The son of singer-pianist Georgine and violist Karl Doktor, at the age of five, Paul began violin studies with his father, and received his diploma from the State Academy of Music in 1938. While still in his teens, he toured as a violinist with the Adolf Busch Chamber Orchestra, but the youthful performer's mastery of the viola came to the fore when, at a few days' notice, he was asked to take over from the ailing second violist in a performance of a Mendelssohn Quintet with the Busch Quartet. His achievement was so remarkable that he was invited to join the Quartet in presenting a series of Mozart quintets at London's Wigmore Hall. From then on, Paul Doktor stuck to the instrument fate had chosen for him, and became the first violist ever to have been awarded unanimously the First Prize at the International Music Competition in Geneva. He left Vienna in 1938 and from 1939 to 1947 was solo violist with the Lucerne Symphony Orchestra. He moved to the United States in 1947 and became an American citizen in 1952.
His American debut at the Library of Congress in Washington, D.C. was certainly auspicious: "Not for many years has so competent a master of the viola been heard in American concert halls", commented the Washington Post. From then on, he appeared widely as recitalist, soloist with orchestras and as a chamber musician. Paul Doktor was equally at home with the baroque, classical and modern repertoires. With Yaltah Menuhin, he introduced to American audiences a concerto by J.C.F. Bach for viola, pianoforte and orchestra, which he had discovered in Paris. He gave the world premiere of Quincy Porter's Concerto for Viola and Orchestra at the Columbia University American Music Festival and recorded Walter Piston's Viola Concerto with the Louisville Orchestra for their First Edition Record series. He also played the BBC premiere of Wilfred Josephs' concertante ("Mediatio di Beornmundo"), which he repeated for its American premiere in New York.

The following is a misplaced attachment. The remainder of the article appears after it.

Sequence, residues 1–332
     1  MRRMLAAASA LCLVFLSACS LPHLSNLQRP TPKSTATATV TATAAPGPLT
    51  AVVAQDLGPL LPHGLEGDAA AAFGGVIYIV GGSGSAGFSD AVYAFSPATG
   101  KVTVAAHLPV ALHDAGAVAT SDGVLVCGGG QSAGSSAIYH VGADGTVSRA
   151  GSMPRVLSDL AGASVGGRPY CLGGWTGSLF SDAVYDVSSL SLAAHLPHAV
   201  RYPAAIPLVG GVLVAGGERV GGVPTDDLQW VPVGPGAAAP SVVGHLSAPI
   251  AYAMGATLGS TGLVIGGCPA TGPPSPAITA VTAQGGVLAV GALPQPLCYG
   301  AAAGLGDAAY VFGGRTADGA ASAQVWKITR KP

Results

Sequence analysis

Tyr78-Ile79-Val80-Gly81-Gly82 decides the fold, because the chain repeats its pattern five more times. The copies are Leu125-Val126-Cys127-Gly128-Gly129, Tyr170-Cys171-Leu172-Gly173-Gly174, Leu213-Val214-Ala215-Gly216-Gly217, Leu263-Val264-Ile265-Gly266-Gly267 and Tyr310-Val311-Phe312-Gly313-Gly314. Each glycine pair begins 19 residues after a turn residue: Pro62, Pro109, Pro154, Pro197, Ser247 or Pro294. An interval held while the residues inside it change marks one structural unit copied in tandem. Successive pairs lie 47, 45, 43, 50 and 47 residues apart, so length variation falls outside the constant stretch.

In addition to his solo career, Paul Doktor was a founder-member of the Rococo Ensemble, the New York String Sextet, The New String Trio of New York, with whom he recorded the Max Reger and Frank Martin string trios, and the Duo Doktor-Menuhin. Extensive tours took the Duo all over the United States and Alaska. They also joined forces in making four television films about the viola for the National Educational Network; these comprise rarely performed music by Marais, Telemann, Dittersdorf, Beethoven, Schubert, Schumann, Hummel, Berlioz, Brahms and Flackton. Many of these works were edited by Paul Doktor. Paul was often joined by Yaltah in demonstration lectures and string seminars, which he gave at the Eastman School of Music and the University of Missouri.
When not performing, he was a faculty member at the Juilliard School, The Mannes College of Music and New York University. He also taught at the Philadelphia Musical Academy and Farleigh Dickinson University and was a guest professor at the Conservatoire de musique du Québec à Montréal. In appreciation of his diverse educational activities, he was recipient of the 1977 "Artist-Teacher of the Year" award, given annually by the American String Teachers Association to one outstanding contributor to string pedagogy in the world.
A former student of Doktor, Adam Crane, has begun compiling unpublished edits to Doktor's viola editions. Projects include the Stamitz Concerto in D Major and other reportoire.
- "ASTA Awards". American String Teacher. 54 (3): 78–79. August 2004. Archived from the original (– Scholar search) on August 18, 2006. Retrieved 2006-10-08.